But if I knew how to manage my portfolio safer and smarter than most hedge fund managers, I could realistically grow my wealth.
Continued from Part 4: Must-know: Is consumerism running out of steam?
Fixed investment in the United States
The below graph reflects ongoing cycles and trends in fixed investment in the U.S. economy, as well as economic crises. The yellow line reflects the vagaries of residential fixed investment, how hard it is to be a large mortgage lender, and perhaps how well the U.S. banking system is regulated.
Three post-war crises followed by the recent crisis
The United States left the gold standard in August 1971, and later experienced the inflationary “oil shock” of October 1973, which led to a major downward economic spike, known as “the stagflation crisis” of the 1970s.
Despite some recovery in investment post–oil shock crisis, inflation continued to creep into the economy, and peaked at 13.5% in 1981, with the U.S. Federal Funds rate peaking at 20% in June 1981. That was the second major downward spike in investment—though Volker eventually slew inflation, and fixed investment temporarily recovered after that.
The inflation-slaying high rates of the ’80s had put about two-thirds of the S&L industry into insolvency. Plus, pre–oil shock oil went from $5 per barrel to nearly $40 per barrel by 1982, subsequently collapsing to $10 per barrel by 1986. The oil-driven economy of Texas went from boom to bust, dragging many S&Ls with it, to include Lincoln Savings and Loan, headed by Charles Keating, and Silverado Savings and Loan, with Neil Bush on the board of directors. Draw your own conclusions on proactive regulation. With an estimated $100 billion to $150 billion loss attributed to the S&L crisis (about the same size of the loans made by the U.S. government to AIG during the financial crisis of 2008), we see the third major downward spike in fixed investment into 1991—though with less intensity than the oil bubble collapse or Volker rate collapse of 1982. By historical standards, these three crises were quite significant.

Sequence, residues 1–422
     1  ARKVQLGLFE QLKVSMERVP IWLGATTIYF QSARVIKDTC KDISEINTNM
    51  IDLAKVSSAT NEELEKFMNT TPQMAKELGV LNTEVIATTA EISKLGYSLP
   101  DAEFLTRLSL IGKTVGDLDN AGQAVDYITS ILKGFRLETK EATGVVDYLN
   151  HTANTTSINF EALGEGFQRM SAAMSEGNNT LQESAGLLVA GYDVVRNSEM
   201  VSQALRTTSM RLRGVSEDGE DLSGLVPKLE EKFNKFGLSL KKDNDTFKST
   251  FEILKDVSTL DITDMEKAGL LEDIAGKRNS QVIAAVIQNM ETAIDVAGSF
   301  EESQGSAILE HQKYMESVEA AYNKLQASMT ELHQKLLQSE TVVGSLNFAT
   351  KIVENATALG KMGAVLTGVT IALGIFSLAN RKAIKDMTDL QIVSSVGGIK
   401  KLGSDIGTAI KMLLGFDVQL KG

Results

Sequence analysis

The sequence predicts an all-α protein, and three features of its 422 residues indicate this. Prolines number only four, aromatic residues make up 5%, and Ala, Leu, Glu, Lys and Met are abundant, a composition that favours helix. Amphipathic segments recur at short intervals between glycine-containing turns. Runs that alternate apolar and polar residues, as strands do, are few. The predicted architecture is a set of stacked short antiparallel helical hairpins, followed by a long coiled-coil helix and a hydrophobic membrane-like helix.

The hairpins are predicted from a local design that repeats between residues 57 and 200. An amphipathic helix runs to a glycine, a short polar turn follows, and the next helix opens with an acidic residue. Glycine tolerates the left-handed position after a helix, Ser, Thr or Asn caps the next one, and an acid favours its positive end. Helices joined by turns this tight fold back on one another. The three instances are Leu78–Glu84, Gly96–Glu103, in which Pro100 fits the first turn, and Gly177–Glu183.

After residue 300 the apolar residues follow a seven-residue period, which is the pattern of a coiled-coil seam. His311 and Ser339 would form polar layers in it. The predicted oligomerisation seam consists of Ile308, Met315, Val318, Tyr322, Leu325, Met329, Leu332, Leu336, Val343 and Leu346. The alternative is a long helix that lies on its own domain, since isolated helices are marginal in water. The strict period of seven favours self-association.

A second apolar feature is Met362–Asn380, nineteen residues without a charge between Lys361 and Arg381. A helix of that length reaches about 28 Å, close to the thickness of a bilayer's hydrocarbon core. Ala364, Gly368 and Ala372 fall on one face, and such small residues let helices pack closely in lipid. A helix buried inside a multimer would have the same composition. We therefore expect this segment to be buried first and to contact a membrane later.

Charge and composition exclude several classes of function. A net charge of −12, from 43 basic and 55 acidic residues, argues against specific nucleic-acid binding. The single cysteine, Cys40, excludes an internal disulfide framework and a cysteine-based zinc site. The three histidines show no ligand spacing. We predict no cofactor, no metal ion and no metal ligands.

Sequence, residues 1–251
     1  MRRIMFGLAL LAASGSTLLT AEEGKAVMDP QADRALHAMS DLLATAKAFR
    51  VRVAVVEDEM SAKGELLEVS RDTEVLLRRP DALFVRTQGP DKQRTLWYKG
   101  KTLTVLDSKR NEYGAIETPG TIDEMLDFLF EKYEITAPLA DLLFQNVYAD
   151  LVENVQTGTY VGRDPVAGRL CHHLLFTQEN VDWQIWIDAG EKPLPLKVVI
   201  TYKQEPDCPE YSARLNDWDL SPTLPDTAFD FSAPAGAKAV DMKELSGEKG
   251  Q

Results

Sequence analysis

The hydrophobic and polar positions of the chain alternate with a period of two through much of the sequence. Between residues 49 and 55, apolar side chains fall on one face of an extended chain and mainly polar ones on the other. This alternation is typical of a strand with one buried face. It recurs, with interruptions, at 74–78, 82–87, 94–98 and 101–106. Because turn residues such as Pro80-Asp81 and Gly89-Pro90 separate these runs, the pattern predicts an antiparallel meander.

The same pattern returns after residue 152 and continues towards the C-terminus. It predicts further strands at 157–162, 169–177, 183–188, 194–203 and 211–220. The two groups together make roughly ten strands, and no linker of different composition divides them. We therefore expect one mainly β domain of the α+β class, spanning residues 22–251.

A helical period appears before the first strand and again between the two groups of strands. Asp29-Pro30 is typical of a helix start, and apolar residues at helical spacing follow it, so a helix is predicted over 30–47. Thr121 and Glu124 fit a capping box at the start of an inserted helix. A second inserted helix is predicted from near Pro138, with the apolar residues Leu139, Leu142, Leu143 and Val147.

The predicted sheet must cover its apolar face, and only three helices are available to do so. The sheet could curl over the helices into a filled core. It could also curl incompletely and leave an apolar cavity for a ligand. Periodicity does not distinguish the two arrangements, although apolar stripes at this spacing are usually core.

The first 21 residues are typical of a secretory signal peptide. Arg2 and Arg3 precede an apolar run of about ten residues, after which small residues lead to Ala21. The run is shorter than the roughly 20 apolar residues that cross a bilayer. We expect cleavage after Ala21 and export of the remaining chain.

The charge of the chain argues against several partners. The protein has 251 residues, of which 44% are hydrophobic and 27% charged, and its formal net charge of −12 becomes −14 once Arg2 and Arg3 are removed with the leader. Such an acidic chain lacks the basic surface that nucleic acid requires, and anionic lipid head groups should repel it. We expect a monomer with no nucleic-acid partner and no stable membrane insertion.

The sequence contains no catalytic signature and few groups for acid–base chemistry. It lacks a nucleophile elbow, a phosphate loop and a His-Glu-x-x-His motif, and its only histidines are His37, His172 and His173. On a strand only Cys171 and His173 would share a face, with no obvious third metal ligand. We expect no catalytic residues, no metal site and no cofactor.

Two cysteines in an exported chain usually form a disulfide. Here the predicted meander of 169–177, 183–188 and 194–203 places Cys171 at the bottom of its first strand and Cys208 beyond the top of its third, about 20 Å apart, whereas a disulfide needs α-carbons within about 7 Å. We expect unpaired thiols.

According to the Congressional Budget Office, as of October 2012, the $700 billion Troubled Asset Relief Plan stood at $417 disbursed with $325 billion repaid, $27 billion written off, $65 billion outstanding, and $14 billion earmarked for future disbursement. That was a real financial crisis, capturing the largest decline in fixed investment since the Great Depression. As noted in the previous article in this series, the U.S. economy has seen a significant recovery in consumption, and as noted in the above graph, fixed investment has also recovered post-2008 crisis. Also, as we’ve seen, housing starts recovered handsomely—though they’re now declining from the 1,000,000-per-month level to the 850,000-to-900,000-per-month level (a far cry from 2,000,000-per-month in early 2008). Essentially, housing starts are back on track, as replacements rates should approximate 700,000 to 1,000,000 starts per month. Normal rebuilding rates are approximately 2.0 to 3.0 per 1,000 population on an annual basis, or 6,000,000 to 9,000,000 units annually, given a U.S. population of 300,000,000. Replacements rates had peaked at 7.56 per population of 1,000 in January 2006, though they fell to a rate of 1.68 per population of 1,000 in April 2009.
Why this crisis might be worse